Friday, February 10th, 2012

The Power of Culture in Raising Multilingual Kids

Image: / flickr - Kodomut

TV and Other Cultural References
Through use of technology it is fairly easy for us to expose our children to all kinds of languages and cultures. Need proof? My daughters recognise the title song of a TV show called “Wickie und die starken Männer” even though we live in the UK where it will never air.
I used to watch “Wickie” (“Vicky the Viking”) when I was a kid. It is one of the few shows I remember, along with “Biene Maja” (“Maya the Honey Bee”) and of course “Sesamstraße” (“Sesame Street”). I watched these shows because when I grew up, they were the only ones around. No worries, I’m not going to go on about the good old times or anything. My point is that had my parents been expats, it would have been very hard for them to get access to any non-German TV shows or even films.
I don’t think TV is the most important cultural achievement of humankind, far from it. But nobody can deny that it is influential. For at least two generations, it has been part of our socialisation. I can easily pick out people in my age group by finding out who the resident humans in “Sesamstraße” were when they were watching (Lilo & Henning, in case you’re asking me).
There are also books, of course. I can easily buy English, French or American books on Amazon these days. Twenty years ago, I went to bookstores and they ordered them for me, which worked ok, but I was relying on some other sources to even find out what I wanted to order.
It’s clearly easier these days to get materials in about any language, so the question is: chicken or egg? Is it now easier to be an expat? Or do we have more resources because there are more expats?
Creativity with Language
A lot of people would call it “mixing languages” and they might even worry about it, but I love it when my three-year-old takes English words and modifies them so they fit into a German, French or Arabic sentence grammatically.
I am German and we like making words by stringing shorter words together. My feeling is that with the level of creativity my daughters show even now, they will be great at coming up with German words! The most important part is of course their ability to read in four languages and two totally different alphabets, something I envy them for. I might eventually be able to decipher Arabic, but don’t hold your breath.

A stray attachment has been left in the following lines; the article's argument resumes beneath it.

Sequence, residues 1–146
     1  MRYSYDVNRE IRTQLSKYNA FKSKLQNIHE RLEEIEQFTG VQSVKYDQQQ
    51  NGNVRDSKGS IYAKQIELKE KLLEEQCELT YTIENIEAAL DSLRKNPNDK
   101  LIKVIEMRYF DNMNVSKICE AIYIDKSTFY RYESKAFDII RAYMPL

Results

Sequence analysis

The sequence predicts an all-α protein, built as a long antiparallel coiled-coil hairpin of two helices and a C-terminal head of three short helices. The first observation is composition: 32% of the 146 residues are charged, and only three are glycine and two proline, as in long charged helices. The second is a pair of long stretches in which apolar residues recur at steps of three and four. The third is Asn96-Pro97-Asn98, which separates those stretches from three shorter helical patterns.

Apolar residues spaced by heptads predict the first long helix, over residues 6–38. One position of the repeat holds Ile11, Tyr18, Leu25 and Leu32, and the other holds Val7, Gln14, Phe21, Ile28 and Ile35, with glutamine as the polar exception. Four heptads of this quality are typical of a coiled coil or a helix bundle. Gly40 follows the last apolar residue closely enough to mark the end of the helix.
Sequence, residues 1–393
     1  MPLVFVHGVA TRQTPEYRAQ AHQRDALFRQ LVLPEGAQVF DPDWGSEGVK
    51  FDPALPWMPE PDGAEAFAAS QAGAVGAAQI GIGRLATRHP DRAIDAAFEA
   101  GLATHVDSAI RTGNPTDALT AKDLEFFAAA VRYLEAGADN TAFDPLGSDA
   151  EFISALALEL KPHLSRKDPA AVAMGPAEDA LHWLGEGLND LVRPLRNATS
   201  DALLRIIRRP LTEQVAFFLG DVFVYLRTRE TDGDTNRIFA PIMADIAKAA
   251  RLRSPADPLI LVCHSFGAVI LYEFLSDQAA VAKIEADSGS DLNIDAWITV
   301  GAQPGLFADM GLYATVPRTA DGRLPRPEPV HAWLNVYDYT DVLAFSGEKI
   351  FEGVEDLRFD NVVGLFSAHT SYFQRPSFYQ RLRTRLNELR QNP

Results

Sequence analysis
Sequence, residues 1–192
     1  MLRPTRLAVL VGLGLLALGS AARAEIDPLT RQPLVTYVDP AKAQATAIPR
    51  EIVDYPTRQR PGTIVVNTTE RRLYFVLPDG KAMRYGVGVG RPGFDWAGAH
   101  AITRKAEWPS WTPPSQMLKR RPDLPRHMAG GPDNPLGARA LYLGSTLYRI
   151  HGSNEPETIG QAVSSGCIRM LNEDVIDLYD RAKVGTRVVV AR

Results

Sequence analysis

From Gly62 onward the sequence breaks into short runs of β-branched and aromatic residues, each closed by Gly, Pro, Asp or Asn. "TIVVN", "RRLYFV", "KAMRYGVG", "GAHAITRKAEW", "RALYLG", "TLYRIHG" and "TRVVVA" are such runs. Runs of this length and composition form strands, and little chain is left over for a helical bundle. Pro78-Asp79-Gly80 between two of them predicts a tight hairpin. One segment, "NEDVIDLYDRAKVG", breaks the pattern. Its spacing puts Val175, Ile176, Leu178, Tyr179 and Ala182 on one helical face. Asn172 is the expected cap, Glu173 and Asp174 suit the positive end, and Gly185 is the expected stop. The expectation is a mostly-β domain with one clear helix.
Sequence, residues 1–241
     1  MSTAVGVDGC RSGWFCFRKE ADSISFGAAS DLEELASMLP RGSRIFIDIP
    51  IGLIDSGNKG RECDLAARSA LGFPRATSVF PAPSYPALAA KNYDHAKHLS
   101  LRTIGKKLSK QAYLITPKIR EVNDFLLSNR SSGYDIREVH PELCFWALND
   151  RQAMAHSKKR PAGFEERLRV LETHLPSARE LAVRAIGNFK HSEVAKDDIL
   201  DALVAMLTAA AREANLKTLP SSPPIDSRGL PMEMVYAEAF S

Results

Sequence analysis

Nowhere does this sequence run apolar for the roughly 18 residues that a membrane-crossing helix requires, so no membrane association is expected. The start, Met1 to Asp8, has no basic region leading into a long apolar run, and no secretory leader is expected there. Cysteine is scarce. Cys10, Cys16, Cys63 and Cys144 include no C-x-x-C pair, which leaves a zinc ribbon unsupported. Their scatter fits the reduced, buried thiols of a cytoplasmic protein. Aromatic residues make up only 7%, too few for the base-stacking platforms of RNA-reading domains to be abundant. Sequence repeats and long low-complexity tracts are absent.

When my daughters meet their cousin in Germany, they have the most hilarious conversations. Often, their cousin will smile or laugh about the way they say things. And then she borrows some of their expressions, creating something special between them.
Music is the art form (or entertainment) that has the most impact on my feelings. It can make me happier, give me energy, cool me down or sustain sadness. I can not fully explain what it does to me, to be honest. Different music fits different situations, of course.
Music has always been fairly international. I used to listen to English music on the radio a lot when I was young, later I listened to music from France and these days I’m having trouble knowing where something comes from. All kinds of styles have crossed over and created a lot of different, interesting blends.
Those of us who are non-native English speakers might remember how as teenagers we were singing along with English music not having the faintest idea what we were singing. Sometimes this can be hilarious (there are videos on YouTube about the phenomenon), sometimes even slightly inappropriate.
When I started to understand French songs I was surprised: knowing what they were about added a new dimension to my listening pleasure. Same for English music. Now my kids will be able to listen to music in Arabic, English, French and German and understand it! Isn’t that great?
Books have a similar impact as music on me, only it takes longer to immerse myself in the experience. One might almost say books are a four-course menu for the soul and music is the candy bar. What I wrote about TV, films and music applies here as well, especially because often the more obscure and specific nuances and references of written language get lost in translation.
It is very dear to me that my daughters will be able to read books like Onkel Florians Fliegender Flohmarkt by German author Paul Maar. You might have gathered that mastery of language is something I value very highly–I am only really comfortable writing in German, which makes German a special language for me. Onkel Florians Fliegender Flohmarkt is a book that plays with and bends German around and is great for kids from ages seven or eight up. I absolutely loved it when I was small. I recommend the book for anyone who can read German.

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Jan, who is German, works mainly from home as a software engineer. His wife, who is Algerian, stays at home to look after their three girls aged 7, 4 and 1. They live in the U.K. and are raising their children multilingual in Arabic, French, German and English.

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